Multiple US states have legalized the recreational use of Marihuana. Why is US federal law still anti-marijuana? A Democratic president, Barack Obama, was in office for 8 years and could have started the reform process. Congress could also move on the matter. The US has definitely liberalized culturally so the people’s representatives could advance this agenda. So what’s the holdup?
The problem is "the people's representatives". Many of them, especially those who have been in office for a long time, have nothing to gain by going against the status quo. They might also lose support from those who've bought into generations of anti-drug propaganda, and groups like law enforcement unions. So there really isn't enough legislative support, either at the state or national level.
It helps to look at how the recreational use of marijuana was legalized. IIRC it's currently legal in 10 states. Only one of them - Vermont - legalized through legislative action. The rest legalized through voter initiatives.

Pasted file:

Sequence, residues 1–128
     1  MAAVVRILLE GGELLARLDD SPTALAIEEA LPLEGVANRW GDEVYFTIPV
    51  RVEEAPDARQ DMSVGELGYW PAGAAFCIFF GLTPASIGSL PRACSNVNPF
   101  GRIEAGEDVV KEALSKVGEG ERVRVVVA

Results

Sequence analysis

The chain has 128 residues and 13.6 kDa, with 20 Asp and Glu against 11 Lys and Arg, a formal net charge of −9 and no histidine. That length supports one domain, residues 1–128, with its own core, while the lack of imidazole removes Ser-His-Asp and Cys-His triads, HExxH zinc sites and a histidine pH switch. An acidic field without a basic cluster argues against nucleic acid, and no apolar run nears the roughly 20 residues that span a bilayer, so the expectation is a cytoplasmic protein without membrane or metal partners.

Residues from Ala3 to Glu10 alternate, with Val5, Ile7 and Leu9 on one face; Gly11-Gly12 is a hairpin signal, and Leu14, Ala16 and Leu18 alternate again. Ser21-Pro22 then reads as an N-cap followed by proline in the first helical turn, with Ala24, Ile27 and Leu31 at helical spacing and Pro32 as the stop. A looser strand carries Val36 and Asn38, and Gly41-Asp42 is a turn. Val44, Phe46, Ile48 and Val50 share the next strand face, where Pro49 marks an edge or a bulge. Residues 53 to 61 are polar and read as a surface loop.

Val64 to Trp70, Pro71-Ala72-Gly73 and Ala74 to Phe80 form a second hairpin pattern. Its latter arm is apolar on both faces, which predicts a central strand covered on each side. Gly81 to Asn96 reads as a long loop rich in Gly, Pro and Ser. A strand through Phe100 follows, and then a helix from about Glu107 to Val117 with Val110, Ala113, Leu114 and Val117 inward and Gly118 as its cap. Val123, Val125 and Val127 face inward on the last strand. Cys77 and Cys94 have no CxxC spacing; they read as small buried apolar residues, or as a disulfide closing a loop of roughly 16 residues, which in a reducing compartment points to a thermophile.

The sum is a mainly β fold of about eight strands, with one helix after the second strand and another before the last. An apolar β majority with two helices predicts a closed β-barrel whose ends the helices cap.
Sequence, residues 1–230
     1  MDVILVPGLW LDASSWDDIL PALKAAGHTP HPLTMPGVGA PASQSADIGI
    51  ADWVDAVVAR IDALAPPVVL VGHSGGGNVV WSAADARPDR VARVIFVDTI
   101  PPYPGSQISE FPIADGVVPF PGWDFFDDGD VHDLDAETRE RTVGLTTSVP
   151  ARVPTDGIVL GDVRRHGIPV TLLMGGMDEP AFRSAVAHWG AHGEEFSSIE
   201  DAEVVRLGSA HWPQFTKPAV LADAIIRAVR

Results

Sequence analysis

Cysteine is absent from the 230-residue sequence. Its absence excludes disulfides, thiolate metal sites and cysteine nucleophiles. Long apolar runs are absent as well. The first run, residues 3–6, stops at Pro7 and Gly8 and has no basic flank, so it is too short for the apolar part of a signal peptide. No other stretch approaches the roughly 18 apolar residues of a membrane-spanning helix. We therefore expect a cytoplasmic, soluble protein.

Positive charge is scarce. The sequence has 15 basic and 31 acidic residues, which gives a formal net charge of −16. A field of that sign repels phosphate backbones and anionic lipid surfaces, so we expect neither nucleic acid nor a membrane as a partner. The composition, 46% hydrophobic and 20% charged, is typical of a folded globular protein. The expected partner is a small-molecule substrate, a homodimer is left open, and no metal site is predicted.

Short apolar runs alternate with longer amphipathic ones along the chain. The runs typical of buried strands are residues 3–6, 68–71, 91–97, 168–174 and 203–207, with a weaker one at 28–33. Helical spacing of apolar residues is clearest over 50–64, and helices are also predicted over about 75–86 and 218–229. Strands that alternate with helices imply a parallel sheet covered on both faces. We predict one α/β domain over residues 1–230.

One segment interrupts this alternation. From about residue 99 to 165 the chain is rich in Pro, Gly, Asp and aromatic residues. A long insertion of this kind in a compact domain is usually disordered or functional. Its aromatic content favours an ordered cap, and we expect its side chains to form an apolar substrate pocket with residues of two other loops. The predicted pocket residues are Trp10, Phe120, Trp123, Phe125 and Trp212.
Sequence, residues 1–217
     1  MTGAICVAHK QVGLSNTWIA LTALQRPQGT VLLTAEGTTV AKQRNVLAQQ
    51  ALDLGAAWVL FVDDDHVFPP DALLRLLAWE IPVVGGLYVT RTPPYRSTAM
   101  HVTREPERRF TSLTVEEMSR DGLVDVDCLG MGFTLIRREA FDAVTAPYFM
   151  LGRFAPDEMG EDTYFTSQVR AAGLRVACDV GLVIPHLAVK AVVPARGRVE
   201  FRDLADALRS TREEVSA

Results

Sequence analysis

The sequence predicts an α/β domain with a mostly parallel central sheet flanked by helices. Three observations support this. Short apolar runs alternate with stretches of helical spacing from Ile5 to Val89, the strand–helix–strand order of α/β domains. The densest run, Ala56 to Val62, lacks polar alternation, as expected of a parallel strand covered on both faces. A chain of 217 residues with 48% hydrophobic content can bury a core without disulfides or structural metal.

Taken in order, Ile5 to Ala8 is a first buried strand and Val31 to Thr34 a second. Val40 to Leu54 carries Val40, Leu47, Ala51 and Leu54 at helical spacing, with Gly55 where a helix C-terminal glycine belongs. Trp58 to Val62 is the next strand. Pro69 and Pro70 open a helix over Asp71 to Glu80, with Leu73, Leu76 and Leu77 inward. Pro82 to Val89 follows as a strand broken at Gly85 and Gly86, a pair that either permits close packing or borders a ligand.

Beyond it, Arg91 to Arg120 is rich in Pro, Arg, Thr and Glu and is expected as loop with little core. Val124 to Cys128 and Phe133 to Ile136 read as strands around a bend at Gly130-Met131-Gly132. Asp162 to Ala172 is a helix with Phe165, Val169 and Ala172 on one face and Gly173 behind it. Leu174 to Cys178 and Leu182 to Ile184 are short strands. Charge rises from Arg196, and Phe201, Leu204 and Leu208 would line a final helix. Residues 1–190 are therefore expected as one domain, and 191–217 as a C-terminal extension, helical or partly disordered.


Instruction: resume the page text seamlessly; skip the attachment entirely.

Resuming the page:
The medical advice is that cannabis is a biologically active substance (ie a drug) that in the short term can cause mild delirium (ie you get high), and sustained use causes mild dementia (short term memory loss). Smoking is also associated with a range of effects related to inhalation of particles.
It is the judgement of a majority of the elected representatives that these negative effects continue to be significant enough to maintain federal laws. And as the law already exists, and usage is relatively low (about 5-15% of adults use cannabis at least occasionally, compared with about 70-90% of adults using alcohol (wikipedia)), there would not be the disruption that could be caused by, for example, banning a substance that was comparably dangerous, but currently legal and much more widely used.